Coronavirus could stall China IPOs

Bio-Thera raises $281M in STAR IPO but other biopharmas’ debuts in Hong Kong, Shanghai face delays

Although Bio-Thera priced its Shanghai IPO Monday, the Guangzhou-based antibody company will likely prove to be the exception among biotechs planning to debut on the Shanghai and Hong Kong exchanges as Asian markets remain volatile and 2019-nCoV-related travel restrictions scuttle plans for roadshows.

Qiming Ventures’ Nisa Leung told BioCentury she expects biotech listings in Hong Kong and mainland China to slow down. “I think it’s affecting everything right now,” she said, referring to the coronavirus.

At least 11 companies have active applications that could be affected (see Table: “Chinese Biotech IPO Queue”).

“It’s very difficult for management teams to actually go on roadshows,” said Leung. Even though travel from Hong Kong to the U.S. is not blocked, teams making the trip face a 14-day quarantine, she said, adding that “a lot of the investors would prefer not to meet with people from China.” Even within Hong Kong, the government and many companies have advised employees to work from home, she said.

In January, the U.S. Department of Health and Human Services declared 2019-nCoV a public health emergency, blocking travel of non-U.S. citizens from mainland China to the U.S. from Feb. 2 (see “U.S. Declares 2019-nCoV a Public Health Emergency”).

The Hong Kong exchange is also adjusting its plans. On Monday HKEX indefinitely postponed its Biotech Week 2020 conference due to coronavirus safety concerns; the event was originally scheduled for March.

Despite the slowdown, Leung said that listings are continuing; however, companies are delaying celebratory events.

Bio-Thera Solutions Ltd. (Shanghai:688177) raised RMB2 billion ($280.7 million) in its IPO on Shanghai’s STAR market. The company sold 60 million shares at RMB32.76, for a valuation of RMB13.6 billion.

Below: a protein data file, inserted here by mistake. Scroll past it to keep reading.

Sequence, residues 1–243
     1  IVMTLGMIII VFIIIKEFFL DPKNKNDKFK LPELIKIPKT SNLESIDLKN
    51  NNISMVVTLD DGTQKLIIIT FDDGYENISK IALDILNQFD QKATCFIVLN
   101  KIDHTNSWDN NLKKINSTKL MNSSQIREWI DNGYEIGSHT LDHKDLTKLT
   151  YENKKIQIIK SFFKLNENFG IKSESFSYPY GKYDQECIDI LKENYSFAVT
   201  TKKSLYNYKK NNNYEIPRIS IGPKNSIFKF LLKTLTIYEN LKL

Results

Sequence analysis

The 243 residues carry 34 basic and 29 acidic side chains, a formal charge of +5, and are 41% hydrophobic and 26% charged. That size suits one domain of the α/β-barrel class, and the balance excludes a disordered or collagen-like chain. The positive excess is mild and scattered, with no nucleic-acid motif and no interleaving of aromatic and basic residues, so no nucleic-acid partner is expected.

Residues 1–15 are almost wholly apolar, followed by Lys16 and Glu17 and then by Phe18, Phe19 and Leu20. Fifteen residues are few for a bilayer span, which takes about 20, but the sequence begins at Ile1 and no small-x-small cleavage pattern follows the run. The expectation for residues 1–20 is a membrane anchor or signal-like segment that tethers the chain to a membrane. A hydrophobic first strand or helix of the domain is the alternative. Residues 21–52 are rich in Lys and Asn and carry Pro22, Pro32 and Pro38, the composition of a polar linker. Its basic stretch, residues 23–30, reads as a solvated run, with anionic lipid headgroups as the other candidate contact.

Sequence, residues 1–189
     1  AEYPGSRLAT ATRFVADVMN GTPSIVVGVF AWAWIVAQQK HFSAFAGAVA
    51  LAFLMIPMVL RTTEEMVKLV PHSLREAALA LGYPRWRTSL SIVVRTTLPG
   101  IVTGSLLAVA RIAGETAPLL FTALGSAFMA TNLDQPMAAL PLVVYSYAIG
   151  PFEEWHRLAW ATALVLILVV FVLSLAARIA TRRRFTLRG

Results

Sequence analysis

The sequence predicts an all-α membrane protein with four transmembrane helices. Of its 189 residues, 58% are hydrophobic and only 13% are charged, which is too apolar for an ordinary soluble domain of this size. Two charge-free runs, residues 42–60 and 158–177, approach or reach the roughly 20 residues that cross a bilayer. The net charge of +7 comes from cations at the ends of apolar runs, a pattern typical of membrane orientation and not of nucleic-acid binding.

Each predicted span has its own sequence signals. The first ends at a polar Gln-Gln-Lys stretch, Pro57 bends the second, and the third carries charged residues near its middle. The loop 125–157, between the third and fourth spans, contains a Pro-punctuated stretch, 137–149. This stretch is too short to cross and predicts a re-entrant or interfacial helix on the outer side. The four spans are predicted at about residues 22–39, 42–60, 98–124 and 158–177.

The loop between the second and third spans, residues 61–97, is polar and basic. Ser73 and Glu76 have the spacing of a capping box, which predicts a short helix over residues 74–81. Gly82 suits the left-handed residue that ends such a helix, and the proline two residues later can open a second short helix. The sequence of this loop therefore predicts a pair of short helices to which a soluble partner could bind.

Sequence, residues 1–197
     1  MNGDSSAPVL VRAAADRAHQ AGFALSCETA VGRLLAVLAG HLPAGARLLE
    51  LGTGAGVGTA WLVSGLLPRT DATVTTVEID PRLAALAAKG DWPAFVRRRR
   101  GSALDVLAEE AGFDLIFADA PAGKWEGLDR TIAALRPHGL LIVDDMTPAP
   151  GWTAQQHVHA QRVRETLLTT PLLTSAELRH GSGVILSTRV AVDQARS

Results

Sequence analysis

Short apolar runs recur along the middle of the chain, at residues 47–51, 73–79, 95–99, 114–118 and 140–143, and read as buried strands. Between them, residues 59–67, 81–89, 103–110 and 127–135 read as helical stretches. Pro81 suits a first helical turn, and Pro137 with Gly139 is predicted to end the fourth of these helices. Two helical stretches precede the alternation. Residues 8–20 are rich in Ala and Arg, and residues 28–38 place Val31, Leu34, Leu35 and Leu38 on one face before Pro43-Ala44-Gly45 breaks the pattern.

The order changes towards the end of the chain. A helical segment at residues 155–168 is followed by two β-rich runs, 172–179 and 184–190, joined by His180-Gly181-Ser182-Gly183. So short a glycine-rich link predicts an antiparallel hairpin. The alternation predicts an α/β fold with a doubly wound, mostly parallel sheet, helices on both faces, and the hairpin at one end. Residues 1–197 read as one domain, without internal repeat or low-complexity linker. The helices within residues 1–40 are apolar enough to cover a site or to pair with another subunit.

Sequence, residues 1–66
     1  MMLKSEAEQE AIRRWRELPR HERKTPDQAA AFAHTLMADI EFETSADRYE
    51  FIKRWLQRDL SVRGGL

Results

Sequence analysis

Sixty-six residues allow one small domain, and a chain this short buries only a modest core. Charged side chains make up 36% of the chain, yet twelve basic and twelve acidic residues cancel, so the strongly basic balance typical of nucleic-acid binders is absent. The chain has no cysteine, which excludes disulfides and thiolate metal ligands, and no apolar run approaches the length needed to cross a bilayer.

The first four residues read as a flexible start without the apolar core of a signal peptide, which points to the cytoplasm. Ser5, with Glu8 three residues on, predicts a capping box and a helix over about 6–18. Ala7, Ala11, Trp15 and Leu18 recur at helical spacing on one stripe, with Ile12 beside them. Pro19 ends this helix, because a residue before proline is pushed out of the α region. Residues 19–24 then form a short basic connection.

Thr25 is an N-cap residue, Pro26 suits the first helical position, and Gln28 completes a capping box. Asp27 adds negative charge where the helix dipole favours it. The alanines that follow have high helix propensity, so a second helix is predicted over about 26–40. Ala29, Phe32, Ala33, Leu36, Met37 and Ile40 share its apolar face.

At least two other life sciences companies have completed their IPOs so far this year: Suzhou Zelgen Biopharmaceuticals Co Ltd (Shanghai:688266) and Zhejiang Orient Gene Biotech Co. Ltd. (Shanghai:688298).

Companies recently joining the queues in Hong Kong and Shanghai include CanSino Biologics (HKEX:6185), which applied Jan. 22 for a dual listing on the STAR market; and Akeso Inc., which refiled for a Hong Kong IPO on Feb. 3. In December 2019, Akeso’s previous application was returned by the exchange for undisclosed reasons.

Table: Chinese biotech IPO queue

At least 11 biopharmas have filed to go public on the Hong Kong and Shanghai stock exchanges. Companies proposing Hong Kong IPOs have filed applications but have not yet submitted post-hearing information packs to the exchange, a required step before listing. Expected IPO amounts are disclosed on the Hong Kong exchange after applicants set IPO terms. Applications for listing on the Shanghai's STAR board must be approved by the exchange before being submitted to the China Securities Regulatory Commission (CSRC) for registration. (*) CanSino Biologics is listed on HKEX and pursuing a dual listing in Shanghai. Source: Hong Kong and Shanghai exchanges.

Jin Li, chairman and CEO of HitGen Inc., was cautiously optimistic about his company’s pending IPO on STAR. The offering “is going through the normal approval process, and hopefully it is not affected too much by the current situation,” Li told BioCentury. “The relevant regulatory bodies of financial services and markets have all issued statements and policies to reduce the impact of this outbreak.”

However, when trading resumed on Feb. 3 following the conclusion of the Lunar New Year holiday, which began Jan. 24, the Shanghai Composite Index dropped 8%. Hong Kong's Hang Seng index dropped 6% over the same period. “It is clear that the market is quite nervous and uneasy about the situation,” said Li.

Leung expects the outbreak will affect drug sales for the first few months of the year, with therapies for non life-threatening conditions being most affected.

She hopes the effect on the markets will not last longer than two months.

Further analysis of the coronavirus crisis can be found at The 2019nCoV content is free to all who visit the site.

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